Building blocks are a frequent part of my boys lives. I have rubber blocks, wooden blocks, lincoln logs, and several other varieties that I rotate; but duplos take the cake. Again they are another multi-age toy that the boys will self monitor and use right at their own developmental level. Corban LOVES balls so we have also added a box of “safe for inside” balls that are his constant companions. The kids also go in phases (usually at different times) of enjoying ‘little people’ and animals. So I do have a couple little people structures that I rotate with a small bin of figurines. I have found that putting these near the duplos provides variety in what they build and how they play. Another tip that comes from that is that rotating toys (for developmental ages, just for variety sake, or in their locations in your house) can keep interactions higher and the kiddos challenged differently by the same toys. Changing how they are stored, where, or what they are near can go a long way in making them feel fresh and new.
The next very clear propensity my boys have is for “real” toys, or in their words “tools.” So yes in these pictures Cashel is using a hammer and the boys are creating an arena using some left over wooden stakes. You’ll also find child size, metal, gardening tools like a rake, spade, and hoe they got for Easter strewn in our lawn next to Papa’s real tools that they also bring out. We are careful to differentiate power tools, sharp tools, and even just the difference between tools and toys. But, it is true that more often than not they gravitate toward real tools and real tasks; plus helping Papa with a real job. It’s why they also love the kitchen. We have just had to be very intentional about the guidelines, helping them understand safety and why there are rules, and to be very present MOST of the time.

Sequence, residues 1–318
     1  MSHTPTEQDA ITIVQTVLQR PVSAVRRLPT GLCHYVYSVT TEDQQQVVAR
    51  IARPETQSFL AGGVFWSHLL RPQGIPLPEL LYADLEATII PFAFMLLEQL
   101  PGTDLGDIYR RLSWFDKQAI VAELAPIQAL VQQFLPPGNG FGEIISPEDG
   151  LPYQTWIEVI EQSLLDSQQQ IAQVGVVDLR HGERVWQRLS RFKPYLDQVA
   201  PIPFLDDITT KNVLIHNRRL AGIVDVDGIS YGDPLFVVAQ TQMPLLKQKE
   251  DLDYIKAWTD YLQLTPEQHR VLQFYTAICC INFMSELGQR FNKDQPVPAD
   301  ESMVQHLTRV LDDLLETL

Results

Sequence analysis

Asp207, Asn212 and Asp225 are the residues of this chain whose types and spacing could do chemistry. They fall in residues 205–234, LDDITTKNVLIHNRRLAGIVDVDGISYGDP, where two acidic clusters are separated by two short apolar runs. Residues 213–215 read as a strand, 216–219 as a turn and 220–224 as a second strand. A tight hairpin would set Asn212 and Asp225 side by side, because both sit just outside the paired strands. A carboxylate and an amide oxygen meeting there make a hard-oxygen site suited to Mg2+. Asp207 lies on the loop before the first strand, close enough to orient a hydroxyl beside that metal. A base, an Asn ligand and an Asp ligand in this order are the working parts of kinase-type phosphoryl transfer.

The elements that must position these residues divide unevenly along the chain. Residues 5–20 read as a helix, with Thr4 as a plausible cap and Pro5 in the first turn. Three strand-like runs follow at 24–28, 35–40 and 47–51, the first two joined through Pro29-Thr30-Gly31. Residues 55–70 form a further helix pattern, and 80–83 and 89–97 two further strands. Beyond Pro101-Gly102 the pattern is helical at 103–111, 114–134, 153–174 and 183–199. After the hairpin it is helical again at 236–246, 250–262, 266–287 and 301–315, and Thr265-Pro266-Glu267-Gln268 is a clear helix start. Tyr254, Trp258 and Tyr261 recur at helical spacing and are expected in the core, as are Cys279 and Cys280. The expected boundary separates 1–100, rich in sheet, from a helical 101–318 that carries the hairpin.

affiliate links below to some of our favorites…
This brings us to trucks, on this day it was monster trucks. Really it’s any toys with wheels. Monster trucks are definitely a big part of our lives and they love to smash, crash, and create arenas for them daily. That being said the large ones also break very easily, at least very easily considering what a monster truck’s purpose is – to smash and crash. We love these little hand held ones that were hand me downs from a family with four boys. Camper got them for his third birthday and they are played with every day in some capacity. I will also toss in here that trucks by green toys are another favorite. We have the ferry that is often in our bathtub, the fire truck and the dump truck and the boys push them around constantly. I love how sturdy they are, they are cute and colorful, and very versatile. All three boys ages 18 months to 4 find different uses for them.
Here is where I’ll mention water toys. We have a water table, several ‘bird feeder’ fountain sculptures and more buckets that I can count that they boys play with. Many of the toys that are in water are left over containers or utensils from the kitchen that they can pour from or into, that have holes in or cut into them so they act like a colander – just things that make water fun. Camper and Corban especially enjoy this and in the warm weather I just love that it also keeps them outside and cool. That being said we get a lot of mess with this one. There are a lot of mud pies, outside soups, and dirt that gets tossed into the mix. I love it! I am okay with dirty, messy, and all around disaster if it means they are outside and using their imaginations. We just do a lot of laundry and bath time (bath time is also a way to keep them occupied!)